God declared to Moses His intention to dwell with His people although His intention had been to dwell within them. Moses was given specific details, by God, of a tabernacle that Israel was to build wherein God would dwell and meet with them. God’s intention was clearly to be a relational God.


The Ten Commandments God had given Israel focus intently on this relationship, especially the 4th commandment: “Remember the Sabbath day by keeping it holy. Six days you shall labour and do all your work, but the seventh day is a Sabbath to the LORD your God. On it you shall not do any work, neither you, nor your son or daughter, nor your manservant or maidservant, nor your animals, nor the alien within your gates. For in six days the LORD made the heavens and the earth, the sea, and all that is in them, but he rested on the seventh day. Therefore the LORD blessed the Sabbath day and made it holy.” [Exodus 20:8-11]


Do you realise God set us the example of keeping the Sabbath? At the completion of creation He kept the Sabbath and sanctified it, made it holy. The Hebrew word for holy is kadosh. Kadosh simply means to put a line down, to remove something out and make it special, or to separate it from everything else. We need to understand that it is not that God does not like work. In fact, God instructs us to work for six days. In antiquity, certainly in Jesus’ day, Jewish understanding was that our work is an act of worshipping God. On the seventh day God required his people to cease their work in order that they focus entirely upon God as their Creator. This day serves to re-envision us as to who we are and what our relationship with Him is. The importance of keeping the Sabbath was stressed by God when he commanded that even work on His holy sanctuary had to stop. How often have we believed that it is okay to be working for God instead of keeping the Sabbath? It tells us that there is nothing that demands desecrating the holiness of the Shabbat.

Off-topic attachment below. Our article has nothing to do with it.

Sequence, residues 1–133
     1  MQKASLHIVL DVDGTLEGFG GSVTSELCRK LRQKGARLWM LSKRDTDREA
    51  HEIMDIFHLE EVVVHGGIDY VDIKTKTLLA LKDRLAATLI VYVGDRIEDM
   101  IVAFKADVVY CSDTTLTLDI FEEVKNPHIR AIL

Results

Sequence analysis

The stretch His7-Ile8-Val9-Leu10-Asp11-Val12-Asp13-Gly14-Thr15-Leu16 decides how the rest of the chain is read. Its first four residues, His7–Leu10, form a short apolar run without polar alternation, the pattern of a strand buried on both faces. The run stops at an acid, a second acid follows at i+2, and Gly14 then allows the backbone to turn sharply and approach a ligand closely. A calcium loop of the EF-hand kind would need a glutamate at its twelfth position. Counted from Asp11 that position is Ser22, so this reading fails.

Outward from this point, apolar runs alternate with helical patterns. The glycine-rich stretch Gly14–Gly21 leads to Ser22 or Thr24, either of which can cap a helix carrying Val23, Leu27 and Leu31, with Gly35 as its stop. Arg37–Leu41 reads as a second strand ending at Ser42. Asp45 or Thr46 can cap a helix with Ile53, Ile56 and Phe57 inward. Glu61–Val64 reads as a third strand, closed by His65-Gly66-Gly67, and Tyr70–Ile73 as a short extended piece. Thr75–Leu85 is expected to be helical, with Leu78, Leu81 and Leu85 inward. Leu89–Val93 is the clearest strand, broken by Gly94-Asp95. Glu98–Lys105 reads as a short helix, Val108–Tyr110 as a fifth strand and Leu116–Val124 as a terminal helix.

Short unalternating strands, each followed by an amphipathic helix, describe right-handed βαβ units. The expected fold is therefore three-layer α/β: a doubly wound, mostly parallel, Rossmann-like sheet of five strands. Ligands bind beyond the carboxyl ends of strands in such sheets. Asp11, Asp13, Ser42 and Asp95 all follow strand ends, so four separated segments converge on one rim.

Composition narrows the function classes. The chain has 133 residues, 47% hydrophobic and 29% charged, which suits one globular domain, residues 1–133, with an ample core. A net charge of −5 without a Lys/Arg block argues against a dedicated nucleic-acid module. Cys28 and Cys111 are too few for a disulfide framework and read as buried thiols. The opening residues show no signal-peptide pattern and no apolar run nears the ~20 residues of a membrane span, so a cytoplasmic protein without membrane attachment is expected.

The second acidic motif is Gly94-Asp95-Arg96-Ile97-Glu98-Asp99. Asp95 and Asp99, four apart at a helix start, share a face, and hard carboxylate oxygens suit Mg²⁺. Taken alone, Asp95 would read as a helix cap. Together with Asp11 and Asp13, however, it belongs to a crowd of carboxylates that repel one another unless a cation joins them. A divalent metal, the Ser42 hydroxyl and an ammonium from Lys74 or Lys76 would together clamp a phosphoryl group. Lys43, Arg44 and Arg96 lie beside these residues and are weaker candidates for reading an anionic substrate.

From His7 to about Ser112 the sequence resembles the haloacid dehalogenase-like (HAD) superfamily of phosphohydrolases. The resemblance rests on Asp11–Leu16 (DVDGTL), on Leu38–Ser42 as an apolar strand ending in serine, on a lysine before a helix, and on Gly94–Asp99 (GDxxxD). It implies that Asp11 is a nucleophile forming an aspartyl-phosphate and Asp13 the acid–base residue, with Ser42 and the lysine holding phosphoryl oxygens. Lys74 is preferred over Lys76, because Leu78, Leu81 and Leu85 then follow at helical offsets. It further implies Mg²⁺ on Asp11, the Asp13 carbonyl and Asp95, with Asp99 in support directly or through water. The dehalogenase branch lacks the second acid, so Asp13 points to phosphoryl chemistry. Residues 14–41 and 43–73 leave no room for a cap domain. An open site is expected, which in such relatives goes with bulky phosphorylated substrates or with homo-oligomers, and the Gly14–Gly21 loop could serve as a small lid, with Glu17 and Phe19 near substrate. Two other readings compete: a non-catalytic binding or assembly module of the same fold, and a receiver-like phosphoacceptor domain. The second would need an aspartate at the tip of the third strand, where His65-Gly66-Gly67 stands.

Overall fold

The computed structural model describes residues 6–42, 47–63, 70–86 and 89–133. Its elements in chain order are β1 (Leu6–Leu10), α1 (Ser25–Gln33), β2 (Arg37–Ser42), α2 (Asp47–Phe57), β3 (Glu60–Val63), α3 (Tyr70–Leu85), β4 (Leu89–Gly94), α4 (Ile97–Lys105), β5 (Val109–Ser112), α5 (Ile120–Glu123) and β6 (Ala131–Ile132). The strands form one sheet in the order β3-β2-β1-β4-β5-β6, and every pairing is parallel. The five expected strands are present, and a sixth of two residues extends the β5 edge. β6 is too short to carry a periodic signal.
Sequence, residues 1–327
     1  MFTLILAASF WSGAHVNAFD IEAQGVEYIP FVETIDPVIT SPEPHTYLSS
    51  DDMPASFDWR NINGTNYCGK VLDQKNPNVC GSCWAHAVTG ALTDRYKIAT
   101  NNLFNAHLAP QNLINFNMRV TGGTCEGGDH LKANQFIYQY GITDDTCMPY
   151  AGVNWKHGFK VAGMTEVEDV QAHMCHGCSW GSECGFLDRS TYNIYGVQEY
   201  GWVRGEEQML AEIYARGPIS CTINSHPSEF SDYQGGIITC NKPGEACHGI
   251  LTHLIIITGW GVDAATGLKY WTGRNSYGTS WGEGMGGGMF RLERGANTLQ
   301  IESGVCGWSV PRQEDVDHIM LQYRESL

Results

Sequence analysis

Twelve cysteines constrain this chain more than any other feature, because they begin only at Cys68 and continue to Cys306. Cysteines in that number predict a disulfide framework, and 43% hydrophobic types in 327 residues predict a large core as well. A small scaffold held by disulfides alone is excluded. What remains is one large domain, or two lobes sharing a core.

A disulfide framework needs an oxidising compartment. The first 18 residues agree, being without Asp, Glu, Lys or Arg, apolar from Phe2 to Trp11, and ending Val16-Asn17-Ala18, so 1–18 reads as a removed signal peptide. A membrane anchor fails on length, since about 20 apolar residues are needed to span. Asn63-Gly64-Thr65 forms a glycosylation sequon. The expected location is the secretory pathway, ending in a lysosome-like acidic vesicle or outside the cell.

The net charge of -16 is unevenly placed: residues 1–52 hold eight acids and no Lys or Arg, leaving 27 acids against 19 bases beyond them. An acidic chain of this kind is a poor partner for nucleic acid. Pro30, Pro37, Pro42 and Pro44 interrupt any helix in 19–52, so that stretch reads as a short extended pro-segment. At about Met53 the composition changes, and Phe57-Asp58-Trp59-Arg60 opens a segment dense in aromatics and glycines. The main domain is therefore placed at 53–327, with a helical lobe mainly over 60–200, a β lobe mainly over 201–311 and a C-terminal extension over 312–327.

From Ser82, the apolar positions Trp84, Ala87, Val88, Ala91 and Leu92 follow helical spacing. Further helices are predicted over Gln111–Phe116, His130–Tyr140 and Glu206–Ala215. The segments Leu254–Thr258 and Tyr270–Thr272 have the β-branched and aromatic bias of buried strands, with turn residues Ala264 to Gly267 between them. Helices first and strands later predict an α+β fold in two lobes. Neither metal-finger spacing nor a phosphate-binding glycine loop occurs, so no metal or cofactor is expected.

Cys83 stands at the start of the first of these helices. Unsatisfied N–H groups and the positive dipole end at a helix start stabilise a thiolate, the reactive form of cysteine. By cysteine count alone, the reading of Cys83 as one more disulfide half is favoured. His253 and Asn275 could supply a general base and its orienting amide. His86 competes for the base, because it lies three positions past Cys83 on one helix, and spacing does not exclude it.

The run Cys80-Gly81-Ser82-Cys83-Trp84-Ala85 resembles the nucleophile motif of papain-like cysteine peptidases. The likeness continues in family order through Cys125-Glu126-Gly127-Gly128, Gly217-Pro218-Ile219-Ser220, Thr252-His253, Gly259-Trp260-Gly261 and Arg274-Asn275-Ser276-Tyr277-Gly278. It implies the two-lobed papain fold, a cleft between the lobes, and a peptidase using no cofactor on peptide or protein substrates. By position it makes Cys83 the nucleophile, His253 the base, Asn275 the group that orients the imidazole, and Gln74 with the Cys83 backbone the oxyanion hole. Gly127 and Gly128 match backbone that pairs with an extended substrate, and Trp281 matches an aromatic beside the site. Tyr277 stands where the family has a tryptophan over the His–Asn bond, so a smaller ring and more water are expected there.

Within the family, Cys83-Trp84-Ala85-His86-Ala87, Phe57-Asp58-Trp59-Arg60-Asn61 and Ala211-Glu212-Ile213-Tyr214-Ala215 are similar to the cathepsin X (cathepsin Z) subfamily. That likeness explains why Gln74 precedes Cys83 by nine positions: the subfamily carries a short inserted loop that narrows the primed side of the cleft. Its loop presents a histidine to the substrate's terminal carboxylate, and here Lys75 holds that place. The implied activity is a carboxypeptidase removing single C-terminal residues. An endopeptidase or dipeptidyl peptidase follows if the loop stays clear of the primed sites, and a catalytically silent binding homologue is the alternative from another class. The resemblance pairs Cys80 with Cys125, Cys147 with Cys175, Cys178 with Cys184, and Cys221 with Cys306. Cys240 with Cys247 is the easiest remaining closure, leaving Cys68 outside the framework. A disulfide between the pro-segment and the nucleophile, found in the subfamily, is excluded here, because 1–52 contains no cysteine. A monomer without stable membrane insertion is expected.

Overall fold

Now, let us jump ahead to Jesus’ time. We find that Jesus totally supported keeping the Sabbath holy. The problem He faced was how the people were keeping it. By then Sabbath observance had widely become legalistic, no more than a religious tradition rather than re-envisioning, and life giving. Our word translated ‘rest’ comes from the Hebrew word, nefesh. Nefesh is a rich word meaning more than ‘rest’, it means resurrection life. In Ezekiel 37, in the valley of the dry bones, God breathed His nefesh into the bones. The Sabbath is not only about rest, it is about building up our relationship with Him so that after the Sabbath we are better equipped for the next six days. It puts the life of Jesus into us giving us fulfilment and satisfaction in all that we do. It has been said that we can only effectively minister out of the overflow of God in our lives. I believe the Sabbath, in its biblical sense, is what that’s all about.


How do we keep that Sabbath? Even secular Jewish people in Israel observe the Sabbath as a separate day. Those Jewish people who are faithful and believe the Bible to be the Word of God, keep a Sabbath meal on Friday night where the family usher in the Sabbath praying for each other, reading the Bible together and honouring God’s presence. You may have seen the film, or stage production, ‘Fiddler on the Roof’ which presents us with a window into Jewish life in a poor village in Russia during the early 20th century. It shows families coming together on Friday evenings in their best clothes, whether or not they were fashionable clothes, they were the best they had. Mother had prepared the Sabbath meal, for which she would have saved the best food during the week ensuring that this significant meal was the high point of their week.